That season, the Broncos beat the Packers in Super Bowl XXXII to earn the franchise’s first-ever championship. The next year, when they repeated with a win over the Falcons in Super Bowl XXXIII, Jones was back on the left side of the line. And he played at an exception level.

During that historic campaign, in which the Broncos started 13-0 and Terrell Davis rushed for 2,008 yards, Jones earned his only Pro Bowl nod. It was a well-deserved honor, as he seamlessly switched positions and replaced a legend in the process, while Denver’s offense actually improved.

Zimmerman, Mark Schlereth, Tom Nalen and Brian Habib might get more publicity than Jones, but he was very much their equal on a terrific offensive line. His contributions are a big reason why the Broncos won their first two Lombardi Trophies.

“Signed to take over at left tackle for (Gary) Zimmerman. Nine months later, he dominated Reggie White in Super Bowl XXXII while playing right tackle. Makes perfect sense.” – Tom Nalen


(Photo by Steve Dykes/Getty Images)

52. Brandon Marshall | WR | 2006-09

During his four-year stint with the Broncos, Marshall received more attention for his non-playing antics than what he did on the field. That was quite a feat, given how productive of a pass catcher he was in Denver’s offense.

Instead, the headlines focused on domestic issues, drunk driving arrests, mysterious injuries that occurred when he supposedly slipped on a McDonald’s bag, nearly getting a penalty after a game-winning touchdown for an excessive celebration and punting the football away from head coach Josh McDaniels during a practice. And that’s the abbreviated list of troubles.

As a result, Marshall’s play on the field went partially under-appreciated. During his three seasons as a starter in Denver, the wideout caught more than 100 passes each year, racked up 1,325, 1,265 and 1,120 yards, and found the end zone 23 times. He was a big receiver before that was entirely en vogue in the NFL, making him a favorite target of both Jay Cutler and Kyle Orton.

In 2008, he set a Broncos team record with 18 receptions in a single game at home against the Chargers. A year later, he bested that mark and broke the NFL’s record for catches in a game when he hauled in 21 passes in Indianapolis. On the field, Marshall was a pass-catching machine.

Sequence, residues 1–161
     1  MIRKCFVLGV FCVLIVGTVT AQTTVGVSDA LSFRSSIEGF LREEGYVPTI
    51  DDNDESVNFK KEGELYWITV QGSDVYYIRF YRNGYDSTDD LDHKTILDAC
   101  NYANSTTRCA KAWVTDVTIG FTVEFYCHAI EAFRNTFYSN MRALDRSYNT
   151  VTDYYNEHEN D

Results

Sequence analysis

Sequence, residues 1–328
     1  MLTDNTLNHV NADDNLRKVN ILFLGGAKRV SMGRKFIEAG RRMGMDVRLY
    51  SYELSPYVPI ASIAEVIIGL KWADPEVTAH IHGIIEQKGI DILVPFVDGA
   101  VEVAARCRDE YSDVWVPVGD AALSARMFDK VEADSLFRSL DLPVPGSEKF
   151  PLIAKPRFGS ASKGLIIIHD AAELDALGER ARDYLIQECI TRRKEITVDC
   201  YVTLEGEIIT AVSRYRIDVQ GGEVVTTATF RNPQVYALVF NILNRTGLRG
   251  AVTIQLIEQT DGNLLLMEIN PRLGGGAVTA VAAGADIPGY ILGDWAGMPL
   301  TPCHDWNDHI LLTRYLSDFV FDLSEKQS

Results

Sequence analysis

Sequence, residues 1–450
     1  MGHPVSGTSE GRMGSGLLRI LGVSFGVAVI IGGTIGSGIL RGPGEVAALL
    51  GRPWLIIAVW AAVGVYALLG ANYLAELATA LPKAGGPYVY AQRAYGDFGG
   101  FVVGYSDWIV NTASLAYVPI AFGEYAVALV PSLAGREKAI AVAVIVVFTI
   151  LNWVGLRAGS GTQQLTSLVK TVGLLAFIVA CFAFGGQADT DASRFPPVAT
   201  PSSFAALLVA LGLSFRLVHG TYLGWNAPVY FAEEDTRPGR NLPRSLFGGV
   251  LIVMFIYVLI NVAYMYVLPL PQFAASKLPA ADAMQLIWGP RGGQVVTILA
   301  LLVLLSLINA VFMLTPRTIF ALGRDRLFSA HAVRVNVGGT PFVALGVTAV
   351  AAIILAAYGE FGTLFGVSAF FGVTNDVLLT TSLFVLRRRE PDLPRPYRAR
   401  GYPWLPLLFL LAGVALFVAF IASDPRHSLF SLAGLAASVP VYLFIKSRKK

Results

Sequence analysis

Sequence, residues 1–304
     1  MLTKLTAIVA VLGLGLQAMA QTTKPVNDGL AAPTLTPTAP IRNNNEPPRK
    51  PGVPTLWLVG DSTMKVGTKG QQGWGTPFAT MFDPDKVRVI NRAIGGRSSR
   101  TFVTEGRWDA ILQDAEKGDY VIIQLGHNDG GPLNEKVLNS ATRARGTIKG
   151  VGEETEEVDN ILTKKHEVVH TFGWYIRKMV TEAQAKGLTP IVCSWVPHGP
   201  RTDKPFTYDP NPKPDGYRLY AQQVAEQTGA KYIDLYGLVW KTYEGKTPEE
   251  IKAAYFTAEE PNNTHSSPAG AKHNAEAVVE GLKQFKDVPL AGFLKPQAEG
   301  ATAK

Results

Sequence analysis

Unfortunately, he wore at his welcome, getting shipped to Miami when he couldn’t get along with McDaniels. From there, the wideout has bounced around from team to team. But those early years in Denver, when he was a raw talent out of UCF who blossomed into a premier wide receiver in the NFL, were special.

“Brandon Marshall had the ideal body type, big-play ability and attitude on the field that most NFL teams covet in playmakers outside the numbers. I would’ve loved to have played against him.” – Nick Ferguson


(Denver Post via Getty Images)

51. Gene Mingo | RB / K | 1960-64

Mingo’s story epitomizes the early years of the Broncos, as he joined the franchise during their inaugural season and played five wild and wooly years in Denver. How he made his way to professional football, as well as the versatility that earned him a spot on the roster, made him one of the most unique and memorable players in team history.

Having never played college football, Mingo read about a the upstart American Football League and sent a letter to the Broncos seeking a tryout. Thanks to his wide array of talents, he made the team.

In the league’s first-ever game, those skills were on display. Mingo kicked an extra point after Denver’s first touchdown and then returned a punt 76 yards to put the Broncos up for good, leading the team to a 13-10 win in Boston against the Patriots.

It was a sign of things to come, as Mingo kicked a field goal to score the franchise’s first points at Mile High Stadium. He’d go on to boot 17 more, along with 33 point-after attempts, four rushing touchdowns and a receiving score, on his way to leading the AFL in scoring during that inaugural campaign. He’d repeat that feat two years later, when he scored 137 total points and earned second-team All-Pro honors.

During his time with the Broncos, Mingo would score touchdowns in every way imaginable. He caught them, ran for a few and even threw some. Along the way, he also continued his duties as the team’s placekicker. As a result of his far-flung abilities, Mingo remains the eighth all-time leading scorer in team history, earning him a spot in the franchise’s Ring of Fame.

“Mingo made a lot of history. He produced 123 points in Denver’s inaugural season, was the first African-American placekicker and secured the Broncos first win with a 76-yard punt return in Boston.” – Sandy Clough


To see the rest of the Sixty Since 60 list, CLICK HERE